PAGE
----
Get the Farofa Outta Here: Café Brasil, Santa Cruz

If you’ve always wanted to go to Brazil, but don’t have the funds to fly to South America, Café Brasil is the next best thing.  With its brightly colored façade, banana tree, palm trees, and coterie of Brazilian expats cooking and serving the food, one can easily imagine one’s self south of the equator.  In fact, our friends Daniel (from the state of Bahia) and Gisele (from the state of Sao Paulo) bring their mothers here for the Feijoada.  The in-laws then proceed to argue over the use of Farofa, as its application varies wildly over the country.  There is one thing that the mothers do agree on, which is the quality of the Feijoada.  Both say it is almost as good as what they make at home.

Café Brasil is only open from 8am-3pm, so it only serves breakfast and lunch.  Although, if you get the Feijoada Completa, you might only need one meal.  The Feijoada is a heavy, slow-cooked stew that’s filled with black beans, beef and two types of sausage.  It becomes “completa” when you get rice, greens, chopped tomatoes and plantains served on the side.  You can then decide what your favorite mix of ingredients is and whether or not you’re a fan of Farofa.

Since Café Brasil is so close to UCSC, you can expect a wait if you arrive around brunch-time on weekends.  Luckily, you can grab a cup of coffee to enjoy while waiting.  If you’re not into waiting, you can order your meal online and take it over to the ocean for a spectacular picnic.

John: I love the Feijoada, but there are some days it’s just too much, luring me back to sleep in the middle of the day.  When I’m not in the mood for the Feijoada, I have the banana pancakes, which are some of the best pancakes I’ve tasted (and served with real maple syrup).  If not pancakes, then Beef a Cavalo.  This is the Brazilian take on steak and eggs, which is far superior to the often-rubbery steak and watery eggs of other establishments.  Here, they poach the eggs and serve them over a delicious 6-8 oz. steak covered with mozzarella and sitting on a baguette.  You will be hard pressed to go wrong here, especially if you are in need of a major energy boost.  The coffee is delicious and super-caffeinated, and if you so desire, you can buy a bag to take home.  The Acai bowl is a kick-in-the-rear way to get your day started.  It’s a bowl of Acai smoothie (Acai, mixed fruits and guarana) topped with granola and sliced fruit.  The stimulants in the smoothie get you started and the granola holds you over for the day.  Can you tell I like the place?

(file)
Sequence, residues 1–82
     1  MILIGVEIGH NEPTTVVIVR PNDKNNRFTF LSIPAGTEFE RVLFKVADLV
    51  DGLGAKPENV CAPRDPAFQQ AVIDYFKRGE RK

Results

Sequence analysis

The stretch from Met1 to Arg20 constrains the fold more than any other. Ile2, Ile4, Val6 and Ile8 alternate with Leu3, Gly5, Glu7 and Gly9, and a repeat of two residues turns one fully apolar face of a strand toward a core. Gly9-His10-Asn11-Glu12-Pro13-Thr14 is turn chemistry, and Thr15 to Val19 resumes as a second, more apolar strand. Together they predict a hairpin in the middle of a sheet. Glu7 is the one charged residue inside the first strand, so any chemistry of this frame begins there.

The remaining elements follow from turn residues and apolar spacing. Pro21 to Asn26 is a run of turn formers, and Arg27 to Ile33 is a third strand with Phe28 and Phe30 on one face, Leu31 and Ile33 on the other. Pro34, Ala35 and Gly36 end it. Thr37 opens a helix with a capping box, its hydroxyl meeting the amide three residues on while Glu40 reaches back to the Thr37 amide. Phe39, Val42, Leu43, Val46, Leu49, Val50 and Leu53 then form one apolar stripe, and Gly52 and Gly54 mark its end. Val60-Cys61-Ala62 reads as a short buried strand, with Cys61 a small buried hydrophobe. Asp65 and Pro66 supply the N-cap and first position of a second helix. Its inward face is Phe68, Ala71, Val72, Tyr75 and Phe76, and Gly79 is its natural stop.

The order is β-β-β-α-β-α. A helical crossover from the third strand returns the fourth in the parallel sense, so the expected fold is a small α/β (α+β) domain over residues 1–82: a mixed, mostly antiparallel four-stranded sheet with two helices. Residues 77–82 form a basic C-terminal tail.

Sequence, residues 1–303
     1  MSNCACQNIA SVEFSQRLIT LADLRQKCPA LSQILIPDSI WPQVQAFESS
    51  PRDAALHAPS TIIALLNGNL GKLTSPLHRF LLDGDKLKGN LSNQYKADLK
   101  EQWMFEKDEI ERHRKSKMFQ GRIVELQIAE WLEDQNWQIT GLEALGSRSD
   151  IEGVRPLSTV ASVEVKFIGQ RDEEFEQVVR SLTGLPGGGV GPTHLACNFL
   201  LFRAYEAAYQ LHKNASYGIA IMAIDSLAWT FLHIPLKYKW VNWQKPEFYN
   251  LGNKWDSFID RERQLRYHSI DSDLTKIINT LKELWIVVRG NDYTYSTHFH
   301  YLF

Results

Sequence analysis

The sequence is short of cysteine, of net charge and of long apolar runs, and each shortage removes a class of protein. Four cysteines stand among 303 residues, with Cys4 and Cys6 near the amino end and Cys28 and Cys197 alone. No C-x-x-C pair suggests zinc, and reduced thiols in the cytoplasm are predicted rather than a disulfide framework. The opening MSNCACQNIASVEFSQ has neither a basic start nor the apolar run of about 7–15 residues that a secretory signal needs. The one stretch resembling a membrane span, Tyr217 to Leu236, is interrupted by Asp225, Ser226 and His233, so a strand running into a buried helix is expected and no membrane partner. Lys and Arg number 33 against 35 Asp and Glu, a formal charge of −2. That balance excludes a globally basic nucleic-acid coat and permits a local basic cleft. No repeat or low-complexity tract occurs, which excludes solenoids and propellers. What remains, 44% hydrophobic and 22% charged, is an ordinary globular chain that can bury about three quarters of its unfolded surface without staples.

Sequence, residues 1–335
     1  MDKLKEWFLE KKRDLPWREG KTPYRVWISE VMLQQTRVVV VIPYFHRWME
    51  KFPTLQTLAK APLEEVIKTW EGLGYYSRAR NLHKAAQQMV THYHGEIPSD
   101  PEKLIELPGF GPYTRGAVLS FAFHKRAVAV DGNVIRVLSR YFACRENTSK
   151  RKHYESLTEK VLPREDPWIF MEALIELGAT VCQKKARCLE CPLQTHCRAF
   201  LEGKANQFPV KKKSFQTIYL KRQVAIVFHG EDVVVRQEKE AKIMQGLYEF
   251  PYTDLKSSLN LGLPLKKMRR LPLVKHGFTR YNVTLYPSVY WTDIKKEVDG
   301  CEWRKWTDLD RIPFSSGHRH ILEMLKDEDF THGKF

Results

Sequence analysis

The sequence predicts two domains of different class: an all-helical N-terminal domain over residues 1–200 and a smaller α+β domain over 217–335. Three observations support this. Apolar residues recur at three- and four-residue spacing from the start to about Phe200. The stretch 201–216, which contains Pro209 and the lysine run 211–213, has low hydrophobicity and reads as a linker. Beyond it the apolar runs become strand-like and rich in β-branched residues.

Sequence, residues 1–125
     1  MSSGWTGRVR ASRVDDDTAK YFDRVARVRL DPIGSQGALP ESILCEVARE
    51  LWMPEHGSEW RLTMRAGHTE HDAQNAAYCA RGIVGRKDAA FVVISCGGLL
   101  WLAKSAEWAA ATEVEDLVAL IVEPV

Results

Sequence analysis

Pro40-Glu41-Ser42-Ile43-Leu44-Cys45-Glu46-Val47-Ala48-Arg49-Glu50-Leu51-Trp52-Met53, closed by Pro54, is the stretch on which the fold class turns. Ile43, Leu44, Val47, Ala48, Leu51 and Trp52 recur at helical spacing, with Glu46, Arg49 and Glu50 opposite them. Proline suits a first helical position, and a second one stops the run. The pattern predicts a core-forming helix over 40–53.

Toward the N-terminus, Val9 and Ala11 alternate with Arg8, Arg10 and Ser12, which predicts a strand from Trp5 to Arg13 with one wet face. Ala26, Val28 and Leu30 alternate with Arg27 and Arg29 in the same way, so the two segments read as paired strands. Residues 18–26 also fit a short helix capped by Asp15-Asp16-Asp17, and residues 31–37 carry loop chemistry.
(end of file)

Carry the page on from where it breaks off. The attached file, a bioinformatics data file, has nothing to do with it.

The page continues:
Lesley: Brasil is awesome!  I have taken so many out of town friends here and they all love it.  Some friends still tell me they crave their strong coffee.  The Acai Bowl is totally unique and tasty.  They also have the best banana pancakes.  The only problem with Brasil is that there are so many great dishes that you can’t eat all of them in one visit so you have to strategize your ordering plan by sharing some things with a friend.

Zach: The people at this place definitely pay attention to detail as far as the food is concerned.  The coffee is strong and the omelette’s are good.  The pancakes are ok but nothing great.  I’m not a big fan of the Brazilian food personally because I think it’s bland.  Brazilian food is not spiced very much so if you like bland bean and meat dishes you would love this place.  I’m also disappointed with the choice of cheese for the sandwiches which is mozzarella, the least flavorful cheese of the cheese world but at least they stay consistent with the blandness.  At least give me some provolone or something.  The good items here are the Acai Bowl if you don’t mind the calories or the omelette’s.  It is a well run business and I give them points for that and it’s nice to have a slight variation of American diner food as an alternative choice for breakfast.

2 comments… add one
  • UPDATE: Our Brazilian friends gave me more information on Feijoada, which I want to pass on.

    Feijoada was originally created by the African slaves who used to receive the leftover parts of the pig such as feet, ears, and nose, and put it to cook with beans. Nowadays, most people use smoked pork loin, Portuguese sausages and some fancier parts, but there are many people who still cook with the original ingredients.

  • Ben Link

    I live in San Jose, but the Acai Bowls at Cafe Brasil are so good that I’ll often make the 30-40 minute drive down to Santa Cruz just to have one. Yep, they’re that good.

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